What Movies to Watch on Netflix

A few drama movies you should add to your May binge list for Netflix.

Rosewater

Not everyone thought comedian and satirical news anchor John Stewart would leave behind his primetime charades to direct a film, especially one as dramatic and heavy-hitting as Rosewater. The turbulent film, which is based on Maziar Bahari’s memoir (Then They Came for Me), recounts a London-based journalist who is imprisoned, tortured, and interrogated in Iran for nearly four months as an alleged U.S. spy. Stewart seamlessly captures the overwhelming tension of the whole ordeal alongside lead actor Gael García Bernal, and moreover, does so while shedding light on political absurdities of it all and upholding the utmost respect for the Iranian people.

Beasts of No Nation

The inevitable release of Beasts of No Nation was a long time coming. The Netflix-distributed film, the streaming service’s first, simultaneously premiered on the service and in limited releases throughout the globe to widespread critical acclaim in October. Lauded director Cary Joji Fukunaga penned and shot the entire feature, which traces the harrowing life of a child soldier (Abraham Attah) who falls in line with a group of mercenaries and their larger-than-life commandant (Idris Elba). The latter actor is a powerhouse, both terrifying and charismatic, while the rest of the film tackles the brutal atrocities of war with just the right amount of impact and implication. It’s certainly not an easy watch given the film’s more bold and bloody moments, yet, why should it be given the nature of its content?

City of God

Although the 2014 World Cup may have depicted otherwise, Rio de Janeiro isn’t the most hospitable of places. Adapted from author Paulo Lins’ semi-autobiographical novel of the same name, City of God follows a young boy named Rocket as he attempts to skirt the drugs, gang violence, and crime plaguing the Brazilian slums he calls home for three decades. It’s both breathtaking and terrifying, with excellent character development, camerawork, and authenticity.

Dope


Director Rick Famuyiwa’s comedy-meets-crime movie centers on a trio of high-school students — aka Malcolm (Shameik Moore), Jib (Tony Revolori), and Diggy (Kiersey Clemons) — living in a rough neighborhood in Inglewood, California. The self-described geeks are obsessed with ’90s hip-hop and punk music, yet, they’re looked upon as outsiders by the rest of their peers. Malcolm is working hard to get into college and is confident his SAT scores and straight-As will get him into Harvard, his dream school. When a drug deal dupes Malcolm into taking several pounds of MDMA at a party, however, he quickly finds himself in the middle of a trafficking scheme. Malcolm, who’s already busy enough with college applications and potential romances, must then find a way to distribute the drugs without jeopardizing the rest of his life. Oh, and did we mention the ensemble cast includes the likes of A$AP Rocky, Vince Staples, Zoe Kravitz, and Chanel Iman?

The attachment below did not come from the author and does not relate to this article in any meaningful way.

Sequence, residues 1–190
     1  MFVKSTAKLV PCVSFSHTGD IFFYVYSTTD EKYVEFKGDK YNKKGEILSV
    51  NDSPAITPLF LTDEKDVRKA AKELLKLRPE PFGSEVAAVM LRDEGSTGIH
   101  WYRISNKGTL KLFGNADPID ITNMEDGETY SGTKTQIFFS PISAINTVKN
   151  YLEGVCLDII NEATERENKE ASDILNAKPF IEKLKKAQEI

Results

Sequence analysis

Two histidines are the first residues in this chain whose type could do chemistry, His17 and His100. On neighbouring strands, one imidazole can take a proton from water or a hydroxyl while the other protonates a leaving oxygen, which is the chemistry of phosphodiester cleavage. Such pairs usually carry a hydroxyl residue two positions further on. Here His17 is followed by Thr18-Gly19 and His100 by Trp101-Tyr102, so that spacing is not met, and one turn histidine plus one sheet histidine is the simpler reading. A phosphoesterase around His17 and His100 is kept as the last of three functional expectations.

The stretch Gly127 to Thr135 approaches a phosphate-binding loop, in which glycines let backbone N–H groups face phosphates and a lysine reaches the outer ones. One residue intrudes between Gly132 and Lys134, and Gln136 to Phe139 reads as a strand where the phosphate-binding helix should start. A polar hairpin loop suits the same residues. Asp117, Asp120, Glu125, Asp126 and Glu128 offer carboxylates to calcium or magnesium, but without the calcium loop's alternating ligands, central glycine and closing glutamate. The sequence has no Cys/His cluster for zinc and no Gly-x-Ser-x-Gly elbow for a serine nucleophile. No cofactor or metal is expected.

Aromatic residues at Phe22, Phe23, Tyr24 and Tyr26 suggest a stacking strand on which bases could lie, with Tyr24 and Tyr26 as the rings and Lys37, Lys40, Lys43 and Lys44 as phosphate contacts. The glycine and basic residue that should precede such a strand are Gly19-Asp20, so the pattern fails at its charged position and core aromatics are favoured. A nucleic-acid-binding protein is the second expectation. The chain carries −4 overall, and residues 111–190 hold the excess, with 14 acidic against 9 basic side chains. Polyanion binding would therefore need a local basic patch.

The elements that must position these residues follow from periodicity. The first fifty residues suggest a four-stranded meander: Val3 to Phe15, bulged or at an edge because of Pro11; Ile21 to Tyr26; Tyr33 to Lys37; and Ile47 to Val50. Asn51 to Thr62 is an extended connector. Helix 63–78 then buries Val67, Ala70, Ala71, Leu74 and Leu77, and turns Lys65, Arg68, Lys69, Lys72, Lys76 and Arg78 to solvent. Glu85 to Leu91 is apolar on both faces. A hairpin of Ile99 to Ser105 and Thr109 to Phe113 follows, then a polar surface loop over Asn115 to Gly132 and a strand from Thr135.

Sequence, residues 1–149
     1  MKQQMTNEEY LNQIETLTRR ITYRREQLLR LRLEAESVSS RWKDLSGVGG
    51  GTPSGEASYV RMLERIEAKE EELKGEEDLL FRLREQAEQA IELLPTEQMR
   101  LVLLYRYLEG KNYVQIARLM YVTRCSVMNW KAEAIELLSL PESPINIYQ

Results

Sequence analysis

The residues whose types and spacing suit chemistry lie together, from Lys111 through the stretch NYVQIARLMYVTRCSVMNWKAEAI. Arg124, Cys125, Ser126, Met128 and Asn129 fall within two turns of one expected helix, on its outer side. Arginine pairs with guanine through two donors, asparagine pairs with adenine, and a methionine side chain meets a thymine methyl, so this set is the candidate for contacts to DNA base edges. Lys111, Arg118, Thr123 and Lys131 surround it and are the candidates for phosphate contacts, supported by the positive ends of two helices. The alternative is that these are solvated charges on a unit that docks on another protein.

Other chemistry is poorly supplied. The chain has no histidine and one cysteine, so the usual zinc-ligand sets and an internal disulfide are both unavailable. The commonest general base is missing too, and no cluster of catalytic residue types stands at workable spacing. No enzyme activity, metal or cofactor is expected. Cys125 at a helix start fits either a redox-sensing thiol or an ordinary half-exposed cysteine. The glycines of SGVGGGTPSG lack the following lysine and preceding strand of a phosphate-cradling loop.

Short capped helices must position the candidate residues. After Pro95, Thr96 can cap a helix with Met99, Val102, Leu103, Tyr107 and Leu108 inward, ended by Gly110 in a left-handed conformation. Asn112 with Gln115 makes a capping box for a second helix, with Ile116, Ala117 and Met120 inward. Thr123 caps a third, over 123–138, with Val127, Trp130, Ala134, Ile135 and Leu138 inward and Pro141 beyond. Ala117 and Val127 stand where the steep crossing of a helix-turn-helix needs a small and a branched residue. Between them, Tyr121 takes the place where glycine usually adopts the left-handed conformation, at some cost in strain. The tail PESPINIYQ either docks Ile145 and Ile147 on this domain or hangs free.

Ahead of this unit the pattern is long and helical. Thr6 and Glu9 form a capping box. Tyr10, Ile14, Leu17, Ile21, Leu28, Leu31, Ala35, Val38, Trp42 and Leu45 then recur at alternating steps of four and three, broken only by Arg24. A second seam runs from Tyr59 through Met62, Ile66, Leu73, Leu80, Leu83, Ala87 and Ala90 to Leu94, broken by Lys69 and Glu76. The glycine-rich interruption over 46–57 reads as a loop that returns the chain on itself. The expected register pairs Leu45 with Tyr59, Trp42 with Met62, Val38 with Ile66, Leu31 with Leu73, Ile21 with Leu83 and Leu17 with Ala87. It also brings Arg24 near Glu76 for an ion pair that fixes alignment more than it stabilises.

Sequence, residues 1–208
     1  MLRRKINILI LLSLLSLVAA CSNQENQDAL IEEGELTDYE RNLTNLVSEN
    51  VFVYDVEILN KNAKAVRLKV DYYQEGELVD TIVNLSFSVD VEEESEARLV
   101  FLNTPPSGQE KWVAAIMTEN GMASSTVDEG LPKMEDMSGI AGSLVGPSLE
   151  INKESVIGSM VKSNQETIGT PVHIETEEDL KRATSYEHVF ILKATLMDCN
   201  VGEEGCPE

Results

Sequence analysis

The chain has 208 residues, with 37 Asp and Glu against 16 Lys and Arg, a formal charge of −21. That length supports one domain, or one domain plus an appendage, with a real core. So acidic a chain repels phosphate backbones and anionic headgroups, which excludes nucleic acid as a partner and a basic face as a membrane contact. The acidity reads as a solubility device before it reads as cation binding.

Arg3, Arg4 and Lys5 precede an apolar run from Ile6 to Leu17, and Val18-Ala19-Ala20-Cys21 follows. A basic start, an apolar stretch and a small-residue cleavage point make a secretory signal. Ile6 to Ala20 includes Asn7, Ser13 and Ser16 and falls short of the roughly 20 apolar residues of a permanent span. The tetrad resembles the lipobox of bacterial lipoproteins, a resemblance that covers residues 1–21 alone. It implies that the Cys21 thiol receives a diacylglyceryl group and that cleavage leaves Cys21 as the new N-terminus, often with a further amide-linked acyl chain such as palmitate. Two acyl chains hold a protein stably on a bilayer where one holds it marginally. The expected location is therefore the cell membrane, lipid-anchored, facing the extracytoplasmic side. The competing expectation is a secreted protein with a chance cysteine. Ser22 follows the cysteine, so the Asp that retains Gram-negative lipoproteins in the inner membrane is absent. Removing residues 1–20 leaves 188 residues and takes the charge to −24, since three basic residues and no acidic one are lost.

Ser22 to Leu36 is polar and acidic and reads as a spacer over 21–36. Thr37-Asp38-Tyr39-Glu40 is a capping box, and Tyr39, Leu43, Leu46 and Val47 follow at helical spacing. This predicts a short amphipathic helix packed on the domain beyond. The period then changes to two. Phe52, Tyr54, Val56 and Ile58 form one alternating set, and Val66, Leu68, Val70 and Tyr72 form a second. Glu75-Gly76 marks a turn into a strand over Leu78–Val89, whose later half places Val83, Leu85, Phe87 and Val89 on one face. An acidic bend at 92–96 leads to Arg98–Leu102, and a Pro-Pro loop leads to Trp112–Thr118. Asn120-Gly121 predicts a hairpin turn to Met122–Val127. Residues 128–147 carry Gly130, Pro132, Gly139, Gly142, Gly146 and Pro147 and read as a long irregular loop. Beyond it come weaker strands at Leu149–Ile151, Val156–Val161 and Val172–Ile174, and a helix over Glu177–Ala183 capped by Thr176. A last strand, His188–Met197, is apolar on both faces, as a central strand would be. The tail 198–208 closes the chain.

Lee Daniel’s The Butler


Director Lee Daniels has been on a roll as of late, first with Precious and again with the acclaimed Empire. With The Butler, he helped hone a melodramatic tale regarding a White House butler who served under eight U.S. presidents during his 34-year career. The understated Forest Whitaker shines as butler Cecil Gaines despite the film’s uneven narrative, which slowly unfolds alongside dramatic shifts in politic perspective and American culture. It’s sentimental in a Forest Gump kind of way, with a host of historical anecdotes that tie one generation with the next. And to think, President Barack Obama teared up just thinking about it.

Track


Underrated director John Curran’s Tracks is particularly known for its high-octane excitement and penchant for action, but more so its sprawling cinematography and actress Mia Wasikowska’s exemplary performance as real-life adventurer Robyn Davidson. The film is based on Davidson’s novel of the same name, which chronicles her 1,700-mile trek across the Australian outback during the late ‘70s with little more than four camels and her dog. Adam Drivers plays a National Geographic photographer charged with periodically capturing her journey along the way, and though it never achieves the widespread acclaim of similar titles such as Wild, it remains an inspiring tale of one steely broad who just strives to be alone

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